White Coconut Haul, Ataúlfo mangoes, and Readying Plants for Summer
Yesssss – found some white coconuts at a local Asian grocer this weekend!
The dentist is no fun, but my checkup Friday showed no new cavities, so I’m pleased. But even better than that, after the dentist, I headed over to my favorite local Asian food grocer and found white coconuts! They also had potato and pea samosas, fresh and hot, so I had a delicious vegan meal there too.
Picked up some rice paper wrappers (spring rolls for lunch today), tea masala, and sandalwood. It was pouring rain, so I went home, burned sandalwood and prayed the Maha Mrityunjaya mantra, and chilled with the pupperinos.
It looks like we may have lost one of our young Thai Black Stem banana trees. All its leaves turned brown and wilted. I have no idea why it would do this, but I’m not going to compost it. Banana trees can appear completely dead, then come back under the right conditions. I’m gambling that when it goes outside in the sun and fresh air, it will reboot. We grew this beauty from imported seed, and it took all winter, so I’m not giving up that fast.
I’ve started giving higher doses of nitrogen to all the indoor plants that will soon go outdoors. It’s best to green them up now so that when they get that first taste of the outdoor sun, they’ll manufacture chlorophyll like beasts. I’m counting the days.
It’s getting close to my moontime, and I’m craving sweets. This morning’s breakfast was a mono meal of three Ataúlfo mangoes, followed by a blueberry/banana/spirulina smoothie. There are three more mangoes for lunch. I’ve been craving fresh fruit in a big way lately. This body always knows when the seasons are changing. I’m craving cooked foods less and less, and looking more for crunchy veggies, sweet mangoes, starchy bananas, and chewy coconut. I’d love a big bowl of berries, but good-quality, organic berries are hard to come by.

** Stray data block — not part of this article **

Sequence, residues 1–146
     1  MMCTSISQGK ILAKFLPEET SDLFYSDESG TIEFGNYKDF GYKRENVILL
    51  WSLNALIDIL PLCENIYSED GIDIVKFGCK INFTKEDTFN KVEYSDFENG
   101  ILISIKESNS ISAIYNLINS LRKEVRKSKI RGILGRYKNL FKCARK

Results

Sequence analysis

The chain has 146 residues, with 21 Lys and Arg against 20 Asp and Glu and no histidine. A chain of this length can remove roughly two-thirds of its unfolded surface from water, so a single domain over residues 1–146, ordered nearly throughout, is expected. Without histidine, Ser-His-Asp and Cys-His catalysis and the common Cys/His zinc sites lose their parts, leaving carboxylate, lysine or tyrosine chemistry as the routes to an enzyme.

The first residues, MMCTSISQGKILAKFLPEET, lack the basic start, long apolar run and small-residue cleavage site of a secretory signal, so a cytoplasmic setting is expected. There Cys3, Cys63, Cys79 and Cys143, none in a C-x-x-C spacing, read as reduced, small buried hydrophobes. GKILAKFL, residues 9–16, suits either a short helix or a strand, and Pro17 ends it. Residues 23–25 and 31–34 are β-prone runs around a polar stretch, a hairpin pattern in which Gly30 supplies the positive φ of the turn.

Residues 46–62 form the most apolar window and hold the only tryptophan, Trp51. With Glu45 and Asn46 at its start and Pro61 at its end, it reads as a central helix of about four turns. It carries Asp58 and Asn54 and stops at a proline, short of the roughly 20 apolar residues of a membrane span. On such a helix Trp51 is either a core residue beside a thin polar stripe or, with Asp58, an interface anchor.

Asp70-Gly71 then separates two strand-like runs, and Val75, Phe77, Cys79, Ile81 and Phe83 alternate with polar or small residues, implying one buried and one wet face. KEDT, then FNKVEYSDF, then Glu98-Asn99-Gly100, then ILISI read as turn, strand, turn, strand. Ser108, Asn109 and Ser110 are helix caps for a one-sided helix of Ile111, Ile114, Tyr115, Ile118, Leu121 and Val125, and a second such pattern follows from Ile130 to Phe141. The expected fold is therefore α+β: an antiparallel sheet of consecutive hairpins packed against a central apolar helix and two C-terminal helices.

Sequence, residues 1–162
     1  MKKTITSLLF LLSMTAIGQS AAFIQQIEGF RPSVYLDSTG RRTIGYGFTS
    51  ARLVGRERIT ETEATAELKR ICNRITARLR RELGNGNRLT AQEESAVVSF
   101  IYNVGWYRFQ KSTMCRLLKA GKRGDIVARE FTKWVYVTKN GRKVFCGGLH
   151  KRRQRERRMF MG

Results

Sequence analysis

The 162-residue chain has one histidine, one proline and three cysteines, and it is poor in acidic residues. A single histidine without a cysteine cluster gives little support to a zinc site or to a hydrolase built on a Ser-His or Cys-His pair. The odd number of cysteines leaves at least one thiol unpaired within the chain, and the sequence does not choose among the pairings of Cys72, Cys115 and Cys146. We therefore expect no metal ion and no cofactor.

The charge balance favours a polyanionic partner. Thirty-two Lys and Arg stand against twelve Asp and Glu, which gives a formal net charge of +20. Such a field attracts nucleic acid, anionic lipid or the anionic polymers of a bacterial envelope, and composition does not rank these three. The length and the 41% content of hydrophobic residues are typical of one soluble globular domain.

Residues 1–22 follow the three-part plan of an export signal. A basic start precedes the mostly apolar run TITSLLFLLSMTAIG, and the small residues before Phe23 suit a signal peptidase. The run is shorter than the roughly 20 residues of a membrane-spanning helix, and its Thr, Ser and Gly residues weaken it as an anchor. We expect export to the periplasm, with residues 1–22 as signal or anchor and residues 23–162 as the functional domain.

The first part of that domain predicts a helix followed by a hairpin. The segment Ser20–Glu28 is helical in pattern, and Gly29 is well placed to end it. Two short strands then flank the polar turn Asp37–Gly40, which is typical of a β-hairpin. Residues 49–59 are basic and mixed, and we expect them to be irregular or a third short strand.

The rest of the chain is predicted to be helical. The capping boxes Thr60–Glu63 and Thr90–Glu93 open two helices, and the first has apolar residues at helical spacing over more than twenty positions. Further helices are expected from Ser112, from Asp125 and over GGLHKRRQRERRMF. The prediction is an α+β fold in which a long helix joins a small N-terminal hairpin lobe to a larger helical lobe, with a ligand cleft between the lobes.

Over the weekend, I again watched one of my favorite documentaries, Juliette of the Herbs. It’s about the life and work of herbalist and veterinarian Juliette de Bairacli Levy. Levy was a trailblazer for all who studied herbalism and the natural, chemical-free care of animals.
She was born to a wealthy family in Britain, but chose simple, nomadic living among the gypsies of the Mediterranean. The information she gathered is in use today. Her holistic approach to animal (and child) care set the standard for many veterinarians and physicians today. She was an amazing woman who lived a full and meaningful life. Occasionally, I want to see this film again. Levy was an awesome woman and inspiration for all of us.
Live in peace.